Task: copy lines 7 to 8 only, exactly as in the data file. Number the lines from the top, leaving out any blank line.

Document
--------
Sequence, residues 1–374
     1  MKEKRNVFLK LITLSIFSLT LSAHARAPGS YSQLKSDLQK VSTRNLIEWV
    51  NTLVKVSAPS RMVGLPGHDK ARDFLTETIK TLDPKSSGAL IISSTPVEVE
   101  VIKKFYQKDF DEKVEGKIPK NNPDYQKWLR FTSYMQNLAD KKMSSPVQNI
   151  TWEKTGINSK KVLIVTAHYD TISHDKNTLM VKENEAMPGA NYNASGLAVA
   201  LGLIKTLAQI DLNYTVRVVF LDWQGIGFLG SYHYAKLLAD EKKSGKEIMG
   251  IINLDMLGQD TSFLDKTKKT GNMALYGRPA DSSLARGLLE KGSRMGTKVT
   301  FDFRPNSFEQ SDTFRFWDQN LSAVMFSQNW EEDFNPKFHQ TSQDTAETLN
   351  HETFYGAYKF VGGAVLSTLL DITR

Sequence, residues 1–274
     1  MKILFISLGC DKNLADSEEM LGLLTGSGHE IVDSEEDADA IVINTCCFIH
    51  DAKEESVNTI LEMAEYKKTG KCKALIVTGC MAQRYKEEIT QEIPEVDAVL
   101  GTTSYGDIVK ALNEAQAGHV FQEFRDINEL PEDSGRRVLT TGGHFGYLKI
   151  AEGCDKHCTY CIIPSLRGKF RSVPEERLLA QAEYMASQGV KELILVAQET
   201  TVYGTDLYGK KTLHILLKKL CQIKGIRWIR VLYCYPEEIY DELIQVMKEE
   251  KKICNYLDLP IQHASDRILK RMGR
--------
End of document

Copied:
   251  IINLDMLGQD TSFLDKTKKT GNMALYGRPA DSSLARGLLE KGSRMGTKVT
   301  FDFRPNSFEQ SDTFRFWDQN LSAVMFSQNW EEDFNPKFHQ TSQDTAETLN